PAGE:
Lou’s Plumbing was open for business. Jake and Sam were hired. Both placed on their employment application that they were plumbers licensed in the State of California. And had the licenses to prove it. Lou believed them because of their references. Jake and Sam’s first assignment was Brentwood Homes a $ 2 Billion Dollar Development that needed a 5-year commitment. It was their dream job. As they came, the developer got along with them well, and decided to advance a portion of the project to the tune of $ 3 million dollars. Jake spent his portion on a new home. Sam purchased a few classic cars and placed the rest for his children’s college fund. The developer called the CSLB and discovered that Jake was using another person’s license number that was his former employer; and Sam was a license contractor without a bond who created a license number that was coincidentally associated with one of the developer’s past associates. The developer called Lou, and the police. Lou, Jake, and Sam were arrested.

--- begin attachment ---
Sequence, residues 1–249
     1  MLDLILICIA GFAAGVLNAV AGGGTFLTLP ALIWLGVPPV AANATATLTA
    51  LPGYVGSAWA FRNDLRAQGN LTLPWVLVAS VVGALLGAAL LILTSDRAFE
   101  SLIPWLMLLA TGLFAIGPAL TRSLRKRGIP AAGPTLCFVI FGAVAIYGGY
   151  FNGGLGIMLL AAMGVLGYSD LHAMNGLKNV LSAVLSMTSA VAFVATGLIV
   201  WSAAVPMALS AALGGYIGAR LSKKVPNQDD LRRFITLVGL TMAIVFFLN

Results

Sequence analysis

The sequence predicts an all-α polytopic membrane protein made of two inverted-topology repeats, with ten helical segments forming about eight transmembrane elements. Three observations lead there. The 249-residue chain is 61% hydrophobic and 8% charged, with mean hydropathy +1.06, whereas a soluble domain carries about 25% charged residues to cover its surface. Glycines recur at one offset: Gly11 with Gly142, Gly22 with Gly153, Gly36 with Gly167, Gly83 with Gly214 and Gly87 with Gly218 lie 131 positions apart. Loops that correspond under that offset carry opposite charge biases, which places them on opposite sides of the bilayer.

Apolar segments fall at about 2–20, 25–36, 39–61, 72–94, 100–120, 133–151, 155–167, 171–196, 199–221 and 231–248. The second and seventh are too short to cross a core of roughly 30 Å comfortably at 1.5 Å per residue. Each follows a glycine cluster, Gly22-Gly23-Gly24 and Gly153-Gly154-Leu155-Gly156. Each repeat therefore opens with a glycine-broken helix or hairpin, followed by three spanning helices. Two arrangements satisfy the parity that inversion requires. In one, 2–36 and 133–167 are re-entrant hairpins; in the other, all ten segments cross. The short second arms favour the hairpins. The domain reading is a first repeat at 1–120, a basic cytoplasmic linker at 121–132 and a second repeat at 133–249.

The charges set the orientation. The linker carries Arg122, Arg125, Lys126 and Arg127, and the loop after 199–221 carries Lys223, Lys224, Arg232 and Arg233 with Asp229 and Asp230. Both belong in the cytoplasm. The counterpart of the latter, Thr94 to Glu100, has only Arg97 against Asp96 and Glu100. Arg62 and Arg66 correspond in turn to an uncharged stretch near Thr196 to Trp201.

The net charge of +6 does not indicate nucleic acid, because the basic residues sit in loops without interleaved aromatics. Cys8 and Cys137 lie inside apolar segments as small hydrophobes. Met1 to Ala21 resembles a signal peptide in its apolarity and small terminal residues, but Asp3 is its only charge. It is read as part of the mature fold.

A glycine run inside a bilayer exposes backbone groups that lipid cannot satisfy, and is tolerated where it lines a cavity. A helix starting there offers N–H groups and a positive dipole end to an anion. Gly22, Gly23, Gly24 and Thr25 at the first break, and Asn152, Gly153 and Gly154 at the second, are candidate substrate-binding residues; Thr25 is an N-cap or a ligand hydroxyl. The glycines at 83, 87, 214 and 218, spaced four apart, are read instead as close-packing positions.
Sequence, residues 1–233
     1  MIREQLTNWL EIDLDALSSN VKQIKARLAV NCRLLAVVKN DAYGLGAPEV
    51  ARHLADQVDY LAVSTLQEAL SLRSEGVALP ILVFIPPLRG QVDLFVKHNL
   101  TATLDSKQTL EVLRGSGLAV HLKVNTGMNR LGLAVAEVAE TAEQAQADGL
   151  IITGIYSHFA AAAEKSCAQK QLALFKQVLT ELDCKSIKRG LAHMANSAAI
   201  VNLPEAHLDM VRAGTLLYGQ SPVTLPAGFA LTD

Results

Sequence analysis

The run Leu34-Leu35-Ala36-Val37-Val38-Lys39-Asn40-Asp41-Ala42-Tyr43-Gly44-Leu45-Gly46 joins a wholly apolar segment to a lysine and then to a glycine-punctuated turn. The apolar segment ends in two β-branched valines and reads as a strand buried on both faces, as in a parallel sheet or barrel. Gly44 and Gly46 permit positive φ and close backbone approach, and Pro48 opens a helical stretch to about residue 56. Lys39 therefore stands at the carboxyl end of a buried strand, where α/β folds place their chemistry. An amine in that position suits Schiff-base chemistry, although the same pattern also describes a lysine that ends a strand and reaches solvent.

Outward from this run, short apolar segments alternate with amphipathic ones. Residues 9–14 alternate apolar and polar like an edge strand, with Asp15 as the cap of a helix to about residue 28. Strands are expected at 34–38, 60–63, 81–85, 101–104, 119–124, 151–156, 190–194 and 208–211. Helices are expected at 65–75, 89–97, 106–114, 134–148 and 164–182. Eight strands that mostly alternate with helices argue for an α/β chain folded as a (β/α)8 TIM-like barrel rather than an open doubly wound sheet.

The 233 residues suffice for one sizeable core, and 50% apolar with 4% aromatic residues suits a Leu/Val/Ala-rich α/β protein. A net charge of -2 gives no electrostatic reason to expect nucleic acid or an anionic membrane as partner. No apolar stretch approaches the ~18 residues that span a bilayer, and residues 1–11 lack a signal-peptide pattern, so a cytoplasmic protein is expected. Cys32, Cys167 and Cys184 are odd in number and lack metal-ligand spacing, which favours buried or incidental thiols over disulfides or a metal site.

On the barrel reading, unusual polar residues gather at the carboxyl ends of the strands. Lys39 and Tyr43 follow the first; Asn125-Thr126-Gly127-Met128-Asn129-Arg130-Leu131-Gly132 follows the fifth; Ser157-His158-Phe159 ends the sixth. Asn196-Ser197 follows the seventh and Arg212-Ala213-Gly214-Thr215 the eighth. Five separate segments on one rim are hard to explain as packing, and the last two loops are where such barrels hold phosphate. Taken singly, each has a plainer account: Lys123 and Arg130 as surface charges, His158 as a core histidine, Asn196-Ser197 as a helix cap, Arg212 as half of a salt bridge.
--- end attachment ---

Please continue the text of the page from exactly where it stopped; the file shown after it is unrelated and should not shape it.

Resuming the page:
- Voluntary waiver or Consent – The victim, although discovering the incident, voluntarily waived the violation or incident and agreed for modification, clarification of subsequent remedies to allow the accused to correct the license issue; with the desire to continue the business.
- Repudiation – The accused knew of the misrepresentation but before significant detriment was conducted to the victim the accused notified all parties and returned a significant portion of the consideration received.
If you are charged with a violation of Business and Professions Code 7027.3 BPC, call The Esfandi Law Group, APLC. Contact Los Angeles criminal defense attorney Seppi Esfandi, principal attorney of The Esfandi Law Group, APLC.